Co-Orthologs of KATANIN1 Impact Plant Morphology and Show Differential Evolution in Maize
Understanding how the size and shape of crop plants and their specific organs are genetically controlled may allow for the development of cultivars with improved plant architecture. A microtubule-severing enzyme called katanin p60 is encoded by KATANIN1 (KTN1) in Arabidopsis or by an ortholog, dwarf and gladius leaf1 (dgl1), in rice. Katanin p60 has been implicated in the control of anisotropic cell growth, which is cell growth directed in a specific direction instead of equally in all directions. Anisotropic cell growth is crucial for proper plant shape and its disruption in ktn1/dgl1 mutants leads to morphological changes such as stunted plant height, shorter leaves and reduced inflorescence size. In this work, characterization of the maize mutant Clumped tassel1 (Clt1) led to the discovery of a putative dominant-negative allele of a KTN1 ortholog. Results indicate that the causative lesion is a missense mutation in the adenosine triphosphatase (ATPase) domain that, we hypothesize, disrupts the ability of the protein to hydrolyze ATP. In general, the phenotype of Clt1-1 was analogous to the phenotypes reported for ktn1/dgl1 mutants in Arabidopsis and rice, with reduced plant stature and more compact organs. Clt1-1 represents the first report of a dominant-negative allele of KTN1 or its orthologs among plant species, though similar mutants have been described in animal systems. By expressing it in specific tissues, the discovery of Clt1-1 can potentially be used to decouple the pleiotropic effects of KTN1 so that each effect can be studied without being confounded by other aspects of the phenotype, or to reduce the size of particular organs for agronomic purposes. In order to learn more about the mechanism of clt1, an enhancer/suppressor screen was conducted, using natural variation. Through this approach, multiple deleterious alleles of ktn1b, the other maize ortholog of KTN1, were identified. These alleles, whose effects are masked in the inbred parents presumably by redundant function from clt1, helped uncover functional differences between clt1 and ktn1b. First, clt1 appears to provide less function than ktn1b for the elongation of upper internodes. Conversely, clt1 seems to be more important than ktn1b for overall plant development because, in Clt1-1 heterozygotes, losing functionality in the other clt1 allele has a much more severe developmental impact than in one of the ktn1b alleles. Consistent with a more important biological role for clt1, sequencing data suggests that purifying selection is relaxed for ktn1b. Introns in ktn1b appear to have expanded dramatically compared to sorghum homologs, whereas clt1 retains homology with the sorghum homologs along most of the gene. Furthermore, examination of publicly available whole-genome sequencing data for approximately one thousand maize lines indicates a substantially greater ratio of nonsynonymous to synonymous nucleotide diversity (πa/πs) and more frequent occurrence of deleterious mutations in the coding sequence of ktn1b than in clt1. In summary, the results from this work indicate overlapping but not fully redundant functions between clt1 and ktn1b in maize, and suggest an evolutionary bias for the retention of clt1 over ktn1b.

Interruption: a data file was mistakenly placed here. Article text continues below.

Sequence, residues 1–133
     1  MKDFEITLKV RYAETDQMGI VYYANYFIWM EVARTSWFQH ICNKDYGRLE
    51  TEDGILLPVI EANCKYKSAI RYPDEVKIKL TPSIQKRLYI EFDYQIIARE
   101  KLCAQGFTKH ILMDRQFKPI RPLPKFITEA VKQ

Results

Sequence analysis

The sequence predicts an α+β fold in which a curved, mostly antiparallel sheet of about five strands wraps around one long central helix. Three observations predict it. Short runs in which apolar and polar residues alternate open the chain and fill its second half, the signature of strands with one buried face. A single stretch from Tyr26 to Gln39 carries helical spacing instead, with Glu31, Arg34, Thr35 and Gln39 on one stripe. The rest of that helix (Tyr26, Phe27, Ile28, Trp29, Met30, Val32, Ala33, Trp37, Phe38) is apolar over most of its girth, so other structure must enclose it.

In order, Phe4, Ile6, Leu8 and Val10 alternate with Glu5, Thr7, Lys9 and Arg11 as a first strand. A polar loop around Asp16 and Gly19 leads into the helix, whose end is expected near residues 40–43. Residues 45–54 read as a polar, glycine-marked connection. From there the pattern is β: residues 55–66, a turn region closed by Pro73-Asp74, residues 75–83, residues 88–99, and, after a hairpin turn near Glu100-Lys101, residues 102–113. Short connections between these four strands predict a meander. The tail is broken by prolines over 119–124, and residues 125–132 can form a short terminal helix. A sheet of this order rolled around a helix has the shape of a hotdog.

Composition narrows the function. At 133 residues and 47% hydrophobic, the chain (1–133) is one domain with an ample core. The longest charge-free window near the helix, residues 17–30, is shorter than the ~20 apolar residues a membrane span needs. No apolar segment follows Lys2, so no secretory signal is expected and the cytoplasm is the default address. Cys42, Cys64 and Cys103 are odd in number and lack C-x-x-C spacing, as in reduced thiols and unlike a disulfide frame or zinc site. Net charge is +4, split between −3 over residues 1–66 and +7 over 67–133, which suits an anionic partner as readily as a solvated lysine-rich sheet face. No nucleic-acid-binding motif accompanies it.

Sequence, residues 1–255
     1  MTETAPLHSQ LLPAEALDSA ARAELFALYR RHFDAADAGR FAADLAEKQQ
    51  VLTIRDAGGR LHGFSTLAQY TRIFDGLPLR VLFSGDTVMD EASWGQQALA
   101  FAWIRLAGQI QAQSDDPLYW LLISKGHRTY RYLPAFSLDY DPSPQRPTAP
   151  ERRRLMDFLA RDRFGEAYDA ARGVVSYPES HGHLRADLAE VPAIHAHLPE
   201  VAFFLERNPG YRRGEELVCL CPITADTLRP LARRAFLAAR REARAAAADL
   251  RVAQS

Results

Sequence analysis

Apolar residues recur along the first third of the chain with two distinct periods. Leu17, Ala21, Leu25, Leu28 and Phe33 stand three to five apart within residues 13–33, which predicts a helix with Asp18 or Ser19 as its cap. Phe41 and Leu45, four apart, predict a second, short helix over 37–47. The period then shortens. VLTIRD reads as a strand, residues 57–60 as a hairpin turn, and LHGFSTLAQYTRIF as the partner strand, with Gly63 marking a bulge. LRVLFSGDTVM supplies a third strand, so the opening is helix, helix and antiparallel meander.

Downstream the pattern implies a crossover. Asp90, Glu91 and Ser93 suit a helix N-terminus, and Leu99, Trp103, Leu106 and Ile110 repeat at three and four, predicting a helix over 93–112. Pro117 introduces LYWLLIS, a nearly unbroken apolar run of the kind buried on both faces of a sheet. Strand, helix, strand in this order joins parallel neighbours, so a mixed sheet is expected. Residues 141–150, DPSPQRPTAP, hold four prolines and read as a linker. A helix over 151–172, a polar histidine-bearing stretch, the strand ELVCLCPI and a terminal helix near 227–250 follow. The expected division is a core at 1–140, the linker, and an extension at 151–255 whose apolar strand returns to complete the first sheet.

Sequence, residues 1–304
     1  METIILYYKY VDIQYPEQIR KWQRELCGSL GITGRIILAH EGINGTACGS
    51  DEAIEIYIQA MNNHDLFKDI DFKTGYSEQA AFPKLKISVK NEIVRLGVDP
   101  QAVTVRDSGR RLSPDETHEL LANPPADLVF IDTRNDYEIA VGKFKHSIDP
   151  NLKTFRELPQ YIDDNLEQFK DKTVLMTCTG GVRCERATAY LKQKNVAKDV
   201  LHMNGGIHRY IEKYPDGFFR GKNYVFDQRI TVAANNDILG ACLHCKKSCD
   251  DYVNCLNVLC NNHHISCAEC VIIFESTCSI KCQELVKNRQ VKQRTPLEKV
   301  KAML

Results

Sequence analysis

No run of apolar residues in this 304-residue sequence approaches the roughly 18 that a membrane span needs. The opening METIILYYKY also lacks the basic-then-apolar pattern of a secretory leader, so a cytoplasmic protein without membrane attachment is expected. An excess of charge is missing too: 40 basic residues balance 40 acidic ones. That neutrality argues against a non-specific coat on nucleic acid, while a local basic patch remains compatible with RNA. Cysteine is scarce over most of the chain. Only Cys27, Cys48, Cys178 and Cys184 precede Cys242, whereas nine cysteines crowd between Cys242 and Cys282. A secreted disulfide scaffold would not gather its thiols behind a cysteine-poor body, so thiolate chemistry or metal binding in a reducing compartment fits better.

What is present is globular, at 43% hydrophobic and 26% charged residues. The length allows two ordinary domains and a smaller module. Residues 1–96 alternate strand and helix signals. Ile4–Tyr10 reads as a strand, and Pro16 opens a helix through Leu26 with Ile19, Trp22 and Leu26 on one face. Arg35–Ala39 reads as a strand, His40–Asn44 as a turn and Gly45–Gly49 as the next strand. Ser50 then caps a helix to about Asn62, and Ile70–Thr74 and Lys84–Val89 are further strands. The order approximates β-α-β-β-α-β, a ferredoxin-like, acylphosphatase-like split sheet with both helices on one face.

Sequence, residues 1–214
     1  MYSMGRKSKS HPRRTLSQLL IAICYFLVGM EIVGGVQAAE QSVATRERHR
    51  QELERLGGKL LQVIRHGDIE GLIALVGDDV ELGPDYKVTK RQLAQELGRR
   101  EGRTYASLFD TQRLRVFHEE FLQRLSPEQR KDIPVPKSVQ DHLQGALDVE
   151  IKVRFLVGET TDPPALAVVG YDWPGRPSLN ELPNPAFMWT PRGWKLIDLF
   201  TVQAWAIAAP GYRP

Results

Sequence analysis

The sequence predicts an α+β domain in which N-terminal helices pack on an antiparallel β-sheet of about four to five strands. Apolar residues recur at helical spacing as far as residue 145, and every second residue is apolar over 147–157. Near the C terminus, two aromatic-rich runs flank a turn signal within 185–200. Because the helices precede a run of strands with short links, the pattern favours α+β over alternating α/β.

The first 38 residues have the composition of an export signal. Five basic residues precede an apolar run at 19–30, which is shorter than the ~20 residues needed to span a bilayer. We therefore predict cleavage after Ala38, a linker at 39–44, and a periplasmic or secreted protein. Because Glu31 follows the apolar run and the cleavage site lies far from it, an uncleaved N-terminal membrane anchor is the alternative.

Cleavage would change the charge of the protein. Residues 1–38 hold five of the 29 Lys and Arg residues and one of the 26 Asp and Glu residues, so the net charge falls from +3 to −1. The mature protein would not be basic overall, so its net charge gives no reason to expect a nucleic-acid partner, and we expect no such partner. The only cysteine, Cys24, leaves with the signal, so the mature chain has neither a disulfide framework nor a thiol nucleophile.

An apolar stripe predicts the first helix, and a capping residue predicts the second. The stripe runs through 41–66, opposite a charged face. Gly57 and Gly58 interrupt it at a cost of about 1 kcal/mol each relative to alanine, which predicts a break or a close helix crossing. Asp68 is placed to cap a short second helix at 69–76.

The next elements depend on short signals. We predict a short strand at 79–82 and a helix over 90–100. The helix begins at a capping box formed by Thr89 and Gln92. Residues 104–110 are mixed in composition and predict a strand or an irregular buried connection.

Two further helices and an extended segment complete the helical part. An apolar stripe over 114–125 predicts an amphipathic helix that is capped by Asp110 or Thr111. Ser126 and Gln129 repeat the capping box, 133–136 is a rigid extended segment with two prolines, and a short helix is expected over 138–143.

Weil, Purdue University.
Agronomy|Genetics|Plant sciences|Developmental biology
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